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Insidecostarica.com - San José, Costa Rica  - Thursday 27  April 2006

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MEXICO:
Network to Track Down Pedophile Priests
Diego Cevallos


MEXICO CITY,  (IPS) - Some 40 Catholic priests fleeing charges of child abuse in the United States are reportedly living in Mexico. But they are being tracked down by an international organisation that will also encourage abuse victims in this country to step forward and seek help and justice.

"We are fighting impunity, and fighting the fear of accusing priests who are seen asàservants of God, even though many of them are not," Joaquín Aguilar, Mexico director of the Survivors Network of those Abused by Priests (SNAP), told IPS.

SNAP is active in the United States and Canada, where some 1,200 abuse claims have been brought against priests accused of sexual abuse of minors since the scandal broke in 2002.

The organisation says that priests who have committed sexual abuse enjoy impunity in Mexico - an allegation that is flatly denied by the Roman Catholic Church.

According to Aguilar, who was himself sexually abused by a priest in 1994, "priests flee to Mexico because they know that here they will be protected by both church and secular authorities."

SNAP, which is beginning to operate in Mexico this month, has put together a list of 40 priests - mainly Mexicans - accused of sexual abuse, who fled the United States and are allegedly living in Mexico.

"We are going after them, we will track them down, that is our commitment," said Aguilar.

The church sex abuse scandal erupted in the United States in 2002, with former victims speaking out and filing lawsuits, and evidence emerging that bishops knowingly reassigned priests despite allegations against them.

The Vatican organised symposiums and carried out a study on the matter, and urged bishops around the world to take vigorous measures against priests implicated in the scandal, and to report the cases directly to the Pope.

The church leadership also gave instructions for each case to be promptly investigated and tried by special church tribunals subject to "pontifical secret", but without placing hurdles in the way of secular authorities investigating the cases.

The church is not "attempting to block out the sun with a finger, and recognises that (in Mexico) there have been truly regrettable cases, although they have not been as frequent as some NGOs (non-governmental organisations) indicate by magnifying things in a malicious manner," the Mexico City archdiocese said in its weekly publication Desde la Fe in late 2005.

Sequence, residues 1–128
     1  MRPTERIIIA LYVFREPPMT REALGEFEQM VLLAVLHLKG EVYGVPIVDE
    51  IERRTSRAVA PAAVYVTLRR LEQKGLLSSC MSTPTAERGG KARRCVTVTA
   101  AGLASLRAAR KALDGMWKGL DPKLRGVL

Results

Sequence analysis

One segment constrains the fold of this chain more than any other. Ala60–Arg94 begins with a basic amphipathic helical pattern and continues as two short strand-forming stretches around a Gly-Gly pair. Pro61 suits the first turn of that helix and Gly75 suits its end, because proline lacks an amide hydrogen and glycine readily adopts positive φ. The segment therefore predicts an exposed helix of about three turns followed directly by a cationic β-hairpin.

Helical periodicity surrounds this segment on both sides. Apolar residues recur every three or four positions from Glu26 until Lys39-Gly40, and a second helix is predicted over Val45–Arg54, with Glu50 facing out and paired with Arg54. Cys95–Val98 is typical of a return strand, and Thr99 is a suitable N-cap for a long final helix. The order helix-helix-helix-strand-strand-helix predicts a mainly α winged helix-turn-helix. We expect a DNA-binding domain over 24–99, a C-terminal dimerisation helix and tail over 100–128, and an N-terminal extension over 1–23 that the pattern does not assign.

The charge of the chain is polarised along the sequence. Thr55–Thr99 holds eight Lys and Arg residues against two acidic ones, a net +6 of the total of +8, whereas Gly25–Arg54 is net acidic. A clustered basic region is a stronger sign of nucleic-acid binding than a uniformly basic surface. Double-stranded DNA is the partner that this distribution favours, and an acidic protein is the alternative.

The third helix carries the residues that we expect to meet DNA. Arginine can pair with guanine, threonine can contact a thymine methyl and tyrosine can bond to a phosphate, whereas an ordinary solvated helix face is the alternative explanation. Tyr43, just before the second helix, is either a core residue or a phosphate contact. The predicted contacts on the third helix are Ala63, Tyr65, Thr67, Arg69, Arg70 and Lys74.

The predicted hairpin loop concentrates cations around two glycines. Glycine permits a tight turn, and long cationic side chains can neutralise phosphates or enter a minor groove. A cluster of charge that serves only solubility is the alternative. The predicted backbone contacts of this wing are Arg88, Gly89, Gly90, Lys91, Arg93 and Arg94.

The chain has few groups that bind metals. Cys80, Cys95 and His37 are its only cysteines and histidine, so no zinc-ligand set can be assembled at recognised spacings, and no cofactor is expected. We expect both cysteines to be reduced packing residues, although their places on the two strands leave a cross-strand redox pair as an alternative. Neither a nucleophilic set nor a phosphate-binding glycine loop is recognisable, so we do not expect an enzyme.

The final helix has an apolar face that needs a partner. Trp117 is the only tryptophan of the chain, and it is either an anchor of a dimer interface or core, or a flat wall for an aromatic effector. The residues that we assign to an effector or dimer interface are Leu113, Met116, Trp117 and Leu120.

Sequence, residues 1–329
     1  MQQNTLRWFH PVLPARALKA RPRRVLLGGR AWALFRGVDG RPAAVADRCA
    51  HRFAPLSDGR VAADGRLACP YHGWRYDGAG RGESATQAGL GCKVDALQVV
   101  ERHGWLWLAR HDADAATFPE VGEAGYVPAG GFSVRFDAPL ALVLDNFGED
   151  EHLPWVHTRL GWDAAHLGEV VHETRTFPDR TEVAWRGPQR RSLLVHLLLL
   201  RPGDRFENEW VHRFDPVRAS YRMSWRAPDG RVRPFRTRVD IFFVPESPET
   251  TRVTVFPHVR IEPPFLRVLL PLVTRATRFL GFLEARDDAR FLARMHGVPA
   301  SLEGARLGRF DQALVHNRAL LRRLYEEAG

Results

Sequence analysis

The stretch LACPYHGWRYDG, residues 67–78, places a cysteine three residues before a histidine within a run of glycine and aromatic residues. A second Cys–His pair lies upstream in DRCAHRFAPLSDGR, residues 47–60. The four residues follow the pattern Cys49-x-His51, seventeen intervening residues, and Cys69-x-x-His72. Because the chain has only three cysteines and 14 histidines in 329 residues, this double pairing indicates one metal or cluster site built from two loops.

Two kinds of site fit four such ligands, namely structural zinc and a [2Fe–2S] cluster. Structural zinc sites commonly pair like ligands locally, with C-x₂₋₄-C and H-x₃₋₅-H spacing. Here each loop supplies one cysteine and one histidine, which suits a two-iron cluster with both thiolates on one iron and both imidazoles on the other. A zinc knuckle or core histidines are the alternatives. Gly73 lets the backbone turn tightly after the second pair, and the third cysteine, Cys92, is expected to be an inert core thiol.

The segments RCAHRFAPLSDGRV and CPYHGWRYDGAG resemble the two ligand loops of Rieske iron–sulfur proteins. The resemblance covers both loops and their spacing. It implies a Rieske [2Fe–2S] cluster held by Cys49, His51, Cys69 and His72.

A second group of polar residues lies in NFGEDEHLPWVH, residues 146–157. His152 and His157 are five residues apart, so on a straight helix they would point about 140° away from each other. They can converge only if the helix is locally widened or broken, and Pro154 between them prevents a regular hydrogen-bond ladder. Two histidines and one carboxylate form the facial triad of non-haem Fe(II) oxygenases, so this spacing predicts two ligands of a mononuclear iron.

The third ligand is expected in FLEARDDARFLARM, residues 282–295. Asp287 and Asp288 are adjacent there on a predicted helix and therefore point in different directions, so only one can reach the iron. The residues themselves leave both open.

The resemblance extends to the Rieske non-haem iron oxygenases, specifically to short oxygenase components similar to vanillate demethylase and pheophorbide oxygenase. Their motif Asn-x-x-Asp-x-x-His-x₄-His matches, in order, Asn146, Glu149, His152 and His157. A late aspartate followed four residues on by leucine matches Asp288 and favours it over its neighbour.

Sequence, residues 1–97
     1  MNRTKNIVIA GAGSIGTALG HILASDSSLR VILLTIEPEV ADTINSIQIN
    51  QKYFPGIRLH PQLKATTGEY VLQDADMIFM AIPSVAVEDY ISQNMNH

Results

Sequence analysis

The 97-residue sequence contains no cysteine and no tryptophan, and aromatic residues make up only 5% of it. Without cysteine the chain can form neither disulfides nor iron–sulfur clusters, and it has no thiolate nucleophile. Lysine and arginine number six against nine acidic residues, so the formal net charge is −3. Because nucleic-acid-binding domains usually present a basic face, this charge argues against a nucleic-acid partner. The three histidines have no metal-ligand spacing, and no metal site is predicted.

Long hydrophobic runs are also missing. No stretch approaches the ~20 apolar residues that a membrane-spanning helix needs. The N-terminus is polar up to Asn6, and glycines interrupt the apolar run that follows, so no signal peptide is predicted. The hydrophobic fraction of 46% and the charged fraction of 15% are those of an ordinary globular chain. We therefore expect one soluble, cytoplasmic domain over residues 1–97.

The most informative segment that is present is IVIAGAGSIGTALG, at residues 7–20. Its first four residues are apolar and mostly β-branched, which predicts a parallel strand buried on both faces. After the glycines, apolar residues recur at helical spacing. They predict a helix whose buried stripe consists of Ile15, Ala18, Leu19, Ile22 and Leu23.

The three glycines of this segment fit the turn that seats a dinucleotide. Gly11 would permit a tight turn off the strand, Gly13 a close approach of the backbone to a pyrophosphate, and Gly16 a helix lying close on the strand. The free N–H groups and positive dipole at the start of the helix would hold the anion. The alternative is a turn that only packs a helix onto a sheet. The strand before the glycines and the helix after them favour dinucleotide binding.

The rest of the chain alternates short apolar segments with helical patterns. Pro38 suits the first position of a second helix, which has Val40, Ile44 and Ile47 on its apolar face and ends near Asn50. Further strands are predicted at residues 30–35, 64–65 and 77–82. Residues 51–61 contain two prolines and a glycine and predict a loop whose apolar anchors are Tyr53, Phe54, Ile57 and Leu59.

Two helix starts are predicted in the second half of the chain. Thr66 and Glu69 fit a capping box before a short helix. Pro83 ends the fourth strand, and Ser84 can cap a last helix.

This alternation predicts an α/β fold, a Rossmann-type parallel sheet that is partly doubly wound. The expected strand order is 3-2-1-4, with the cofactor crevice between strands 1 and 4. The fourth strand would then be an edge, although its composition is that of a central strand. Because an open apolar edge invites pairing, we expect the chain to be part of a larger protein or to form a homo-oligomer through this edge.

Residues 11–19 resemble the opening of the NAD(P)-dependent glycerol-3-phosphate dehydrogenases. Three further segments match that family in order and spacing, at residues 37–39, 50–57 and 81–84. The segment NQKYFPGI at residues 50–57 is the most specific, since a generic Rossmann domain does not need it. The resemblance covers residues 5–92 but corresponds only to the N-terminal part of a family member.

"The church seeks vocational excellence and is itself seriously affected when bad priests denigrate the Church of Christ with their actions and hurt others," stated the archdiocese, adding that it was thus calling on the faithful to report "any improper conduct."

The archdiocese was reacting to allegations by the non-governmental Department of Investigations of Religious Abuses in Mexico, which asserted that 30 percent of the just over 14,000 active priests in the country had committed some kind of sex abuse against members of their flock. However, it did not clearly explain how it came up with that statistic.

"We believe that these figures are real, even if the Church continues to protect the culprits from being held accountable," said Aguilar.

"My own case is one illustration," said the activist. "I reported a priest for abusing me, and despite the proof and the fact that he had already abused others, he is free and we don't know if he is still an active priest."

The priest accused by the SNAP activist is Nicolás Aguilar, who worked in the central Mexican city of Puebla and in Los Angeles, California.

The priest fled to Mexico in 1988 from the United States, where he faces 19 felony counts of committing lewd acts on a child. He also faces charges in Mexico.

His whereabouts are unknown, but the director of the Mexican office of SNAP said "I would not be surprised if he is still an active priest, like the majority of the pedophile priests protected by the church."

In 2002, Abelardo Alvarado, spokesman for the Mexican Bishops' Conference, acknowledged that the church had kept mum for years on cases of sex abuse of minors, to protect its image as well as the victims.

In Mexico, which has the second largest number of Catholics in the world after Brazil, no one knows for certain how many priests have been accused of child abuse, but the church claims there have only been a few isolated cases.

One of the most high-profile involves 85-year-old Mexican priest Marcial Maciel, the founder of the Legion of Christ, a little-known but well-financed and powerful order.

Former students for the priesthood in the Legion of Christ seminaries have accused Maciel of drug abuse and of sexually abusing them when they were children and adolescents.

The Vatican suspended Maciel as head of the congregation from 1956 until 1958 because of similar accusations, but he was eventually declared innocent and reinstated. However, a new investigation was launched in late 2004, and shortly afterwards Maciel stepped down as head of the Legion.

SNAP's Aguilar said that besides tracking down pedophile priests who fled the United States, the organisation will provide legal and psychological assistance to abuse victims.

The organisation will also design campaigns to fight the fear of many abuse survivors to speak out, and encourage them to come forward.


 


 
   

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